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ICO in bid to end cookie pop-ups
Outgoing information commissioner Elizabeth Denham will call on her equivalents across the G7 group of countries to collaborate on an overhaul of cookie consent pop-ups
The Information Commissioner’s Office (ICO) will today call on data protection and privacy authorities from across the G7 group of countries to collaborate on an overhaul of website cookie consent pop-ups, with the intent of “more meaningfully” protecting web user privacy, and enabling businesses to provide a better web browsing experience.
At a G7 meeting to be held across 7 and 8 September 2021, the outgoing information commissioner Elizabeth Denham will present new ideas on how to improve existing cookie consent mechanisms.
Thanks to their rise to ubiquity across the internet under current privacy regulations, cookie pop-ups have become a lighting rod for online discontent, and when confronted with one, many people are disinclined to click through various menus to make choices about their browsing experience, preferring instead to simply select “I agree” and get on with their day. Denham said this means they were essentially giving up control over their personal data.
“I often hear people say they are tired of having to engage with so many cookie pop-ups,” said Denham. “That fatigue is leading to people giving more personal data than they would like.
“The cookie mechanism is also far from ideal for businesses and other organisations running websites, as it is costly and it can lead to poor user experience. While I expect businesses to comply with current laws, my office is encouraging international collaboration to bring practical solutions in this area.
“There are nearly two billion websites out there taking account of the world’s privacy preferences. No single country can tackle this issue alone. That is why I am calling on my G7 colleagues to use our convening power. Together we can engage with technology firms and standards organisations to develop a coordinated approach to this challenge.”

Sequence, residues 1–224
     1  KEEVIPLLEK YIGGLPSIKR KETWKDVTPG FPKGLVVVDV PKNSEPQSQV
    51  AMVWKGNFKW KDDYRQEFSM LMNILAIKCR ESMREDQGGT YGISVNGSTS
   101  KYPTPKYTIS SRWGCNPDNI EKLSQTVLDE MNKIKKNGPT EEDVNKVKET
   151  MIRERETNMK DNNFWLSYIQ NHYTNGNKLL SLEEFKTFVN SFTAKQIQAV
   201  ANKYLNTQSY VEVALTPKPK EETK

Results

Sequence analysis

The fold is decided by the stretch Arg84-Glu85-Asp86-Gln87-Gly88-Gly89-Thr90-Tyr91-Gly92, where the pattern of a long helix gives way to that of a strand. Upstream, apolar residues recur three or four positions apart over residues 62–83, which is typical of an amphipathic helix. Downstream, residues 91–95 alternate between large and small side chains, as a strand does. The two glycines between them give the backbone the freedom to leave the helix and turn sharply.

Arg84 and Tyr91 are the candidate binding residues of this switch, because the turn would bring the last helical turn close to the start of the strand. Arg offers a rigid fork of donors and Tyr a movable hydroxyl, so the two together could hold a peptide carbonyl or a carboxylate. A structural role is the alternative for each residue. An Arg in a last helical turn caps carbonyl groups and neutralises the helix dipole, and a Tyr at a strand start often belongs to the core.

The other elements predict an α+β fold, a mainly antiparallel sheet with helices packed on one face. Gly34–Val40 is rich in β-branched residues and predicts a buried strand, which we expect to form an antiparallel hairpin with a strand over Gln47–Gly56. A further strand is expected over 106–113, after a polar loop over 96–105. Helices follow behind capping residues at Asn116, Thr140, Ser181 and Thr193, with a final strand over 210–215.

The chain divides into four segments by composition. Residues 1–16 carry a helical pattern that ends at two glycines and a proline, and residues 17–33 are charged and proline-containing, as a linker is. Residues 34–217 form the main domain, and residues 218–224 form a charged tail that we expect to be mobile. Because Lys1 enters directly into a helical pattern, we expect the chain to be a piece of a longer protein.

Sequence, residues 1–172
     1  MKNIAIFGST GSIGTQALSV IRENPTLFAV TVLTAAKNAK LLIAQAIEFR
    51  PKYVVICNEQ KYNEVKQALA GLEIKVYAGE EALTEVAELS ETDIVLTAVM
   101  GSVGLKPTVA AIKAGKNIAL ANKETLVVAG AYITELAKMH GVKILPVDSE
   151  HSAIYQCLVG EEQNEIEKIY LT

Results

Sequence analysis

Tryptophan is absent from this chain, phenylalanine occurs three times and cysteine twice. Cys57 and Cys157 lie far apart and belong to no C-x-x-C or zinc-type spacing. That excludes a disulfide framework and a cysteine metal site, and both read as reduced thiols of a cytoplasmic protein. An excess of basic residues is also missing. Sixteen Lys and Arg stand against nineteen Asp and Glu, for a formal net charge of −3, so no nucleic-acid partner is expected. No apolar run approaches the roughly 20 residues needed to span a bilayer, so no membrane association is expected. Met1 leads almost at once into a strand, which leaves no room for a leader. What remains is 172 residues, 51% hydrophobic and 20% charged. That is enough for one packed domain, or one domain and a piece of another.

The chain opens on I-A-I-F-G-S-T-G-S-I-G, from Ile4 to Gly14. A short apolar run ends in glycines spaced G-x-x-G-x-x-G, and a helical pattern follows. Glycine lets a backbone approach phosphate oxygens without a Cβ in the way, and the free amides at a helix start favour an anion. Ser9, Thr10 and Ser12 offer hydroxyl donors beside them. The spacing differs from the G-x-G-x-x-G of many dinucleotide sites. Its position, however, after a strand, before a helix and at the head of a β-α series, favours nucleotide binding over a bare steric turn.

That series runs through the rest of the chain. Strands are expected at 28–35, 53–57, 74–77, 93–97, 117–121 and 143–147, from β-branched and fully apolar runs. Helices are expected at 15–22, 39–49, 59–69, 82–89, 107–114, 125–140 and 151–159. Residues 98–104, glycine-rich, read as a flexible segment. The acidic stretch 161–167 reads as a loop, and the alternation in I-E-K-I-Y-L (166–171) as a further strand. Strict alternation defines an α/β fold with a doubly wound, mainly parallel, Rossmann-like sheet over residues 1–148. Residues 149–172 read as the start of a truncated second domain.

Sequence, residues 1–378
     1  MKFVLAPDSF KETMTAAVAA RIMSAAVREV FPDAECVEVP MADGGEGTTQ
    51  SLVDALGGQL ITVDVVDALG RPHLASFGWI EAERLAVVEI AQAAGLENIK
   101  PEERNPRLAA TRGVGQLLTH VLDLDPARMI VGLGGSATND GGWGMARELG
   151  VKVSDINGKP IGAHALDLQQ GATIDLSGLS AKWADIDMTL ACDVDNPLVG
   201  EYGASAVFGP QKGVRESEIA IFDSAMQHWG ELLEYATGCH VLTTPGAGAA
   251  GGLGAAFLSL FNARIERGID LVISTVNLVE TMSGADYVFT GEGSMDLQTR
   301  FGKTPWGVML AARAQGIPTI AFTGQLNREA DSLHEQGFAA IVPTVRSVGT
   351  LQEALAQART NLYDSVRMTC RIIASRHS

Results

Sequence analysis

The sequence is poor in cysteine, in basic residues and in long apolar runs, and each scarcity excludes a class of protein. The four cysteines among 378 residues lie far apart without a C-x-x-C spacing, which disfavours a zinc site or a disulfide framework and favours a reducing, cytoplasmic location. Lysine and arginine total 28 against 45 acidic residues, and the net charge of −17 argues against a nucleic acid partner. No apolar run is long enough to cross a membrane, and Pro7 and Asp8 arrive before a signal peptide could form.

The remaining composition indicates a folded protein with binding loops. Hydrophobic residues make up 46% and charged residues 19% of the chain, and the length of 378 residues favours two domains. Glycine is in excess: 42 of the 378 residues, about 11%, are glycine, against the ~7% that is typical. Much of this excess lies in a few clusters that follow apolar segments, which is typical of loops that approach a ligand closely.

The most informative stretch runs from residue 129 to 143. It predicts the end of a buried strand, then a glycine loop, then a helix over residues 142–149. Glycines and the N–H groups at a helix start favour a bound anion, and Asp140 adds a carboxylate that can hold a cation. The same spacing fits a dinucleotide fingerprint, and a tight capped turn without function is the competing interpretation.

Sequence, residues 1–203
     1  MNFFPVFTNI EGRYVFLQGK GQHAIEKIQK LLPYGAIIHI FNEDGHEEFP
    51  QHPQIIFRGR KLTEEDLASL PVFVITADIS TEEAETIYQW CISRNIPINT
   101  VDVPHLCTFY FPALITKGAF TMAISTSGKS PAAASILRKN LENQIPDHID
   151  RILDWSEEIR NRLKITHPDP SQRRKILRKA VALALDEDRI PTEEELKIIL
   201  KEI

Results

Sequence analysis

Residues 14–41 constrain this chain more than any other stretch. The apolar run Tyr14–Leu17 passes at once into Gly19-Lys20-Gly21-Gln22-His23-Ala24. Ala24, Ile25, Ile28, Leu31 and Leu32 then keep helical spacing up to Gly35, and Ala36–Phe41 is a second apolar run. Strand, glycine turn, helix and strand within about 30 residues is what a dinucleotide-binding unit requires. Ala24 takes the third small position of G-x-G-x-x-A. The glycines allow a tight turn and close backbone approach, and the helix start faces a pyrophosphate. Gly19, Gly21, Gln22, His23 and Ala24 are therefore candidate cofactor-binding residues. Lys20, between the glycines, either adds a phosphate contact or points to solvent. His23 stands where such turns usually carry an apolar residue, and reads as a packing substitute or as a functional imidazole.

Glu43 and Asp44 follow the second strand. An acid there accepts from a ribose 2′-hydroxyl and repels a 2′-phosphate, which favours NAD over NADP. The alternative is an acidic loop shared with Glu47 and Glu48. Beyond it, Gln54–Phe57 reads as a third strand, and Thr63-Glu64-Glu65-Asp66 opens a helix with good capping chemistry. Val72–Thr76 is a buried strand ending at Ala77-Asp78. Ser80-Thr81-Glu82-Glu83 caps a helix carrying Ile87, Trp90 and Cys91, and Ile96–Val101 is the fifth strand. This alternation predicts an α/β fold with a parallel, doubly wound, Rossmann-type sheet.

The ICO’s “vision” for the future of cookies will enable users to set lasting privacy preferences of their own choosing, rather than having to make choices via pop-ups whenever they visit a website. The regulator believes this solution will ensure people’s privacy preferences are respected, and the amount of personal data they share is minimised, while at the same time improving the overall web experience, and making things easier for website owners too.
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It said such a solution was already technologically possible, and would be compliant with data protection law, but wants the G7 authorities – Canada, France, Germany, Italy, Japan and the US – to club together to encourage and influence the tech sector to develop it and roll it out.
“The digital world brings international opportunities and challenges, but these are currently being addressed by a series of domestic solutions. We need to consider how the work of governments and regulators can be better knitted together, to keep people’s trust in data driven innovation,” said Denham.
The ICO’s proposals drew immediate criticism from Jim Killock of the Open Rights Group (ORG), an organisation devoted to digital privacy and freedom of speech.
“The simple fact is that most cookie banners are unlawful, and the data collection behind them is, as her [Denham’s] own report states, also unlawful,” said Killock. “If the ICO wants to sort out cookie banners then it should follow its own conclusions and enforce the law.
“We have waited for over two years now for the ICO to deal with this, and now they are asking the G7 to do their job for them. That is simply outrageous.”
The ORG is calling for automated signals to ask not to be tracked, but Killock said the group does not see this as a replacement for halting the “unlawful” practices of online adtech providers.
ESET’s Jake Moore said: “Dealing with cookie choices on every single website has led people to look for the easiest way to bypass them, which is often by giving away more personal data that the user may have wanted to offer. Such information is used, stored, shared and profited from by these companies; many people are still not able to take this intrusion seriously due to how difficult some sites make it for their users to choose how their data is captured.
“Whilst the G7 looks into orchestrating a worldwide approach to safely choosing what data sites can and can’t see, there are other ways in which users can protect their data and anonymise any tracking online. To reduce sensitive data being abused, private browsing is available and using a VPN will limit the extent to which sites can track and profile you as a web user.”
The G7 meeting, which will be joined by the Organisation for Economic Cooperation and Development (OECD) and the World Economic Forum (WEF) is aligned with a wider G7 initiative, dubbed Data Free Flow with Trust. At the two-day session, each G7 data protection authority will present a specific tech or innovation issue on which they would like to see closer cooperation across the group.